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The Banking System at the time of independence was largely urban oriented and remained out of reach of rural population. Commercial Banks mostly confined their lending to trade, commerce and industry and treated agriculture as a non priority. Security- oriented lending was the order of the day. Banks did not pay any attention to the farming community, the Agriculturist was forced to borrow from money lenders, who charged exorbitant rates of interest and imposed onerous conditions.To overcome these issues, ‘Social Control measures’ were initiated by then Prime Minister Smt. Indira Gandhi in 1968 to help the Indian masses in poverty alleviation.
The main objective of the financial sector reforms in India initiated in the early 1990s was to create an efficient, competitive and stable financial sector that could then contribute in greater measure to stimulate growth.
- Situation before reforms
- Financial markets were marked by administered interest rates, quantitative ceilings, statutory pre-emptions, captive market for government securities, excessive reliance on central bank financing of fiscal deficit, pegged exchange rate and current and capital account restrictions.
- Phased reductions in statutory pre-emption like CRR and SLR
- Deregulation of interest rates on deposits and lending, except for a select segment.
- Diversification of ownership of banking institutions: private shareholding in public sector banks
- Financial Markets: removal of structural bottlenecks, introduction/diversification of new players/instruments, free pricing of financial assets, relaxation of quantitative restrictions, better regulatory systems, introduction of new technology, improvement in trading infrastructure, clearing and settlement practices and greater transparency.
- The banking sector reform combines a comprehensive reorientation of competition, regulation and ownership in a non-disruptive and cost-effective manner.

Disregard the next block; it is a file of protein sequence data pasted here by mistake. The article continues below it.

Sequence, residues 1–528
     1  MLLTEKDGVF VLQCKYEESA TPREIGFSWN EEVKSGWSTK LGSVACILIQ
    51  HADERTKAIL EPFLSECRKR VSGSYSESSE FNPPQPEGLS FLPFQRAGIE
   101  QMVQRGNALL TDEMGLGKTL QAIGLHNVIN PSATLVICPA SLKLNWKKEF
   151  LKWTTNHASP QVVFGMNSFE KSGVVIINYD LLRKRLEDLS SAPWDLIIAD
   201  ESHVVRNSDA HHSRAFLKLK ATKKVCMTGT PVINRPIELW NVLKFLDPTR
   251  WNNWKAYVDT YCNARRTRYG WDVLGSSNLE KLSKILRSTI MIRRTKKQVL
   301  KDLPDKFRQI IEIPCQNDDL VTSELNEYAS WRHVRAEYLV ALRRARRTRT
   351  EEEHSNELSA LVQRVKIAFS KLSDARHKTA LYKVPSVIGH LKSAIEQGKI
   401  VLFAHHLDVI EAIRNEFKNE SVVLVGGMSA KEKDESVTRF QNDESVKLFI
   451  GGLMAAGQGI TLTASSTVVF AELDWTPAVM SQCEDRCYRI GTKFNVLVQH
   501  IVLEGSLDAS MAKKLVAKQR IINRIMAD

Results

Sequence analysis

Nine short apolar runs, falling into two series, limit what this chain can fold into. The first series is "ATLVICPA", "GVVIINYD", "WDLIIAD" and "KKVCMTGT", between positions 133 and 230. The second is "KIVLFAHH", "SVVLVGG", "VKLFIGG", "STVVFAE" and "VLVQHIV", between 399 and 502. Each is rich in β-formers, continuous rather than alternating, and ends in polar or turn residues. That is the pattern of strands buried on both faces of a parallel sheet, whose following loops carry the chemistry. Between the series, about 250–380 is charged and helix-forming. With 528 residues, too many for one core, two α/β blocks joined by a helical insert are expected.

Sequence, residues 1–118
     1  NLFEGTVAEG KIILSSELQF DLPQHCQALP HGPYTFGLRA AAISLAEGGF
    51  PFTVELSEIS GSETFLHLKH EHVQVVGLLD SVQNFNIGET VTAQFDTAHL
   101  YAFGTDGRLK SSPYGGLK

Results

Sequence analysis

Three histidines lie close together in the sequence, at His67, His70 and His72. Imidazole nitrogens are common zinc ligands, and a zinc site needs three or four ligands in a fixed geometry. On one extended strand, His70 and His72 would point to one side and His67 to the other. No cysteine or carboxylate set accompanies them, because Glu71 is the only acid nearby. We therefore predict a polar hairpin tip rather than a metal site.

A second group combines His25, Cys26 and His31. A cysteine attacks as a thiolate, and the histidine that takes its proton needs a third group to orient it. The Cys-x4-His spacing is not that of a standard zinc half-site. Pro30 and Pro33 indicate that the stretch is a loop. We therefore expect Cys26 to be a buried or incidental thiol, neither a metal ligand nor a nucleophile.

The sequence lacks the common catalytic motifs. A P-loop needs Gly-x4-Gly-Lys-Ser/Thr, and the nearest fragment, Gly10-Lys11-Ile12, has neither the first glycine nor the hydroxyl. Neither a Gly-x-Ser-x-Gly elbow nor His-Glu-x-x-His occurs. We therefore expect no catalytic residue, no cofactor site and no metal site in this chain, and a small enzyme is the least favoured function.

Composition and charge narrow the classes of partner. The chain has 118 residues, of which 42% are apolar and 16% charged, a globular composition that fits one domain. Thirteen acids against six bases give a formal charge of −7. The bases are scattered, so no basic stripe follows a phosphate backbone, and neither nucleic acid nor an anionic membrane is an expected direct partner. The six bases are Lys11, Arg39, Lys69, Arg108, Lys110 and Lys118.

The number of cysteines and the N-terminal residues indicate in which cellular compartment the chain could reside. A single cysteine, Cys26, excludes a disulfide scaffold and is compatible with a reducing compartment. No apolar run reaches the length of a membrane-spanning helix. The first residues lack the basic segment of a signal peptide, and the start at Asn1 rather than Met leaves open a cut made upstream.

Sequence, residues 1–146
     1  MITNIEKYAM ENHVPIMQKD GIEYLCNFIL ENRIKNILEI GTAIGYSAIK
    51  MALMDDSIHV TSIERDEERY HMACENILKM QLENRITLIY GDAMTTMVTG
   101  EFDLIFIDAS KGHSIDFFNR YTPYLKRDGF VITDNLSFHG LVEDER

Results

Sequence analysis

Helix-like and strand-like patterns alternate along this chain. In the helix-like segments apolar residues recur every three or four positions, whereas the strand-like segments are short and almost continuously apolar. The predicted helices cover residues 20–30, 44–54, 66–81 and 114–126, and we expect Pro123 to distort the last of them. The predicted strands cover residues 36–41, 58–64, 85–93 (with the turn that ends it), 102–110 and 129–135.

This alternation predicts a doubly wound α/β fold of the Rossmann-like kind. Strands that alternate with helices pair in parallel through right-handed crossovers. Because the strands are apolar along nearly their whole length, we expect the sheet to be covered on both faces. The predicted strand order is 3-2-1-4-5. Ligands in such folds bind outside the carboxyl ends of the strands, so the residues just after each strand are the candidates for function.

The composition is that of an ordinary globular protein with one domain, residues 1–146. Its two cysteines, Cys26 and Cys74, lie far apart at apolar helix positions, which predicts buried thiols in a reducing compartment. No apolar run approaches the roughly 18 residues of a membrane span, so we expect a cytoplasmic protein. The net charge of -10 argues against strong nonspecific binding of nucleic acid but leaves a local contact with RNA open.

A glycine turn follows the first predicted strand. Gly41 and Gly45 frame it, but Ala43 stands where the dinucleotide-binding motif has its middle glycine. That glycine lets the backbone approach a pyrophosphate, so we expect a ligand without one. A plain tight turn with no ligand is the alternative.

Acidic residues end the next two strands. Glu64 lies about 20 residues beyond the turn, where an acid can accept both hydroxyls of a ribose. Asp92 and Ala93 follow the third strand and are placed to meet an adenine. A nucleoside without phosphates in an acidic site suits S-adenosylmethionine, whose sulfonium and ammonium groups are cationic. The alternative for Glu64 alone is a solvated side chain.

- FDI in the private sector banks is now allowed upto 74 pc
- 100 pc FDI is allowed under the automatic route in NBFCs
- Urban Cooperative Banks suffer from various problems. Several structural, legislative and regulatory measures have been initiated in recent years for UCBs with a view to evolving a policy framework oriented towards revival and healthy growth of the sector.
- Fin mkt: the price discovery in the primary market is more credible than before and secondary markets have acquired greater depth and liquidity.
- Number of steps (like RTGS) for making the payment systems safe, secure and efficient.
At present, financial regulation in India is oriented towards product regulation, i.e. each product is separately regulated. For example, fixed deposits and other banking products are regulated by the Reserve Bank of India (RBI), small savings products by the Government of India (GoI), mutual funds and equity markets by the Securities and Exchange Board of India (SEBI), insurance by the Insurance Regulatory Development Authority of India (IRDA) and the New Pension Scheme (NPS) by the Pension Fund Regulatory and Development Authority (PFRDA).
The nationalisation of 14 major Banks on 19th July 1969 by then Prime Minister Mrs. Indira Gandhi was done with the following objectives and reasons :-
- To serve a large social purpose and to sub-serve national priorities
- Rapid growth of agriculture, small industries, exports,
- raising employment levels, e
- ncouragement of new entrepreneurs and development of backward areas.
‘The Committee on Financial System’ was constituted by the Government of India, under the Chairmanship of Mr M Narasimham, former Governor of RBI. The aim of the said committee was to recommend measures to restore the financial health of Commercial Banks and make them function efficiently and profitably.
Recommendations of the Narasimham Committee
- Autonomy in Banking
- Reform in the role of RBI
- Stronger banking system
- Non-performing assets
- Capital adequacy and tightening of provisioning norms
- Entry of foreign banks
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